9.5. by relying on diplomatic assurances by the requesting State only when they are specific, given by an authority having the power to enforce them, credible in view of the length and strength of bilateral relations between the requested and the requesting States and of the requesting State’s track record of abiding by similar assurances; when the requesting State has an effective system of protection against torture and when compliance with the assurances can be objectively verified through diplomatic or other monitoring channels;
9.6. by remaining particularly vigilant to any form of Red Notice, wanted person diffusion, extradition and other forms of interstate legal assistance, particularly in the field of criminal law co-operation when the requesting State notoriously lacks independent prosecution and courts and has a track record of frequently misusing Interpol mechanisms and violating diplomatic assurances;
9.7. by refraining from making extradition requests, including European Arrest Warrants (EAWs), when extradition would be disproportionate in relation to the gravity of the alleged crime and the penalty incurred; this would normally be the case when pre-trial detention would be considered inappropriate in similar circumstances in either one of the States involved in the extradition proceedings.
10. Regarding the reform process at Interpol, the Assembly calls on:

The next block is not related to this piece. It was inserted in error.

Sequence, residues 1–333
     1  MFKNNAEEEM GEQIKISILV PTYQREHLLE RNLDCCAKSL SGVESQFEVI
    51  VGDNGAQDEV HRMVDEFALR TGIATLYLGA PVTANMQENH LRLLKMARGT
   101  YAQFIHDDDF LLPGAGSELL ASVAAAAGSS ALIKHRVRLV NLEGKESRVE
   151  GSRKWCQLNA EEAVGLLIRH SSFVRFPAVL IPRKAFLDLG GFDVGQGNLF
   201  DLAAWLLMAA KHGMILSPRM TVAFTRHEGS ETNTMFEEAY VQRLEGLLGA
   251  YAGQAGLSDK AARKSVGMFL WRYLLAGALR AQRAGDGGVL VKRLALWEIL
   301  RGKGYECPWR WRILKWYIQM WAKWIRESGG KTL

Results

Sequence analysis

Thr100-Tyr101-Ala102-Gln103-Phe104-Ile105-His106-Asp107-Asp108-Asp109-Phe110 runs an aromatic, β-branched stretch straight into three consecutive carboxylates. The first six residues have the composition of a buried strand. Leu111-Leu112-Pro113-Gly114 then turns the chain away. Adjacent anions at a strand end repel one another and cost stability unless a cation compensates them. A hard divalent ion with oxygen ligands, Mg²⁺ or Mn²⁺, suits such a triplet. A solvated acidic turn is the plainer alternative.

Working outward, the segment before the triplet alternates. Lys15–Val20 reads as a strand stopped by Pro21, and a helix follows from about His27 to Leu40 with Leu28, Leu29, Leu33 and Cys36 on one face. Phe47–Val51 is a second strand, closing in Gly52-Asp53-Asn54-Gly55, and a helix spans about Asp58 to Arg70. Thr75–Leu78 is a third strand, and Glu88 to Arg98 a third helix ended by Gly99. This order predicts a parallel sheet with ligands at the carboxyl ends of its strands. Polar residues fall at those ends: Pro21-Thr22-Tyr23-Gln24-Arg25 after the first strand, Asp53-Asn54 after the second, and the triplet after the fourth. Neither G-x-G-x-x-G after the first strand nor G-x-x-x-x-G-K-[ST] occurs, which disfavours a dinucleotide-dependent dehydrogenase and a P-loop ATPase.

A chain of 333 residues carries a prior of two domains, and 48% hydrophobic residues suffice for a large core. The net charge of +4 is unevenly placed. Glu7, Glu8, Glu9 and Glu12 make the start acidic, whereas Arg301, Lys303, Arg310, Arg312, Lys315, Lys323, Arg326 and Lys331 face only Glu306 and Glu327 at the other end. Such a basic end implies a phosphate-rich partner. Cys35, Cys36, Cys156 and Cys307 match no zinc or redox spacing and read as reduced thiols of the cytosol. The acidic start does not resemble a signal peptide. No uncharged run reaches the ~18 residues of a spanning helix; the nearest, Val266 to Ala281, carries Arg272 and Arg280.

10.1. Interpol to:
10.1.1. further improve transparency by disclosing data that would help to assess how effective its review mechanisms are, including yearly statistics on Red Notice requests received and refused, appeals to the CCF introduced and decided in favour or against the applicants, with a breakdown by country; and by publishing a “repository of practice” on the interpretation of Article 2 of Interpol’s constitution;
10.1.2. further improve preventive and subsequent scrutiny of Red Notices and wanted person diffusions, by examining with particular care any repetitive requests, those that have not given rise to extraditions or extradition requests within a reasonable period of time and those submitted by NCBs which have previously submitted a high number of abusive requests; and by charging the countries responsible for the extra cost involved;
10.1.3. ensure more effective control over the information which flows through its communication system by requiring NCBs to delete data from national databases following a CCF or General Secretariat decision to delete a notice or wanted person diffusion and to provide confirmation of the deletion within a prescribed time limit;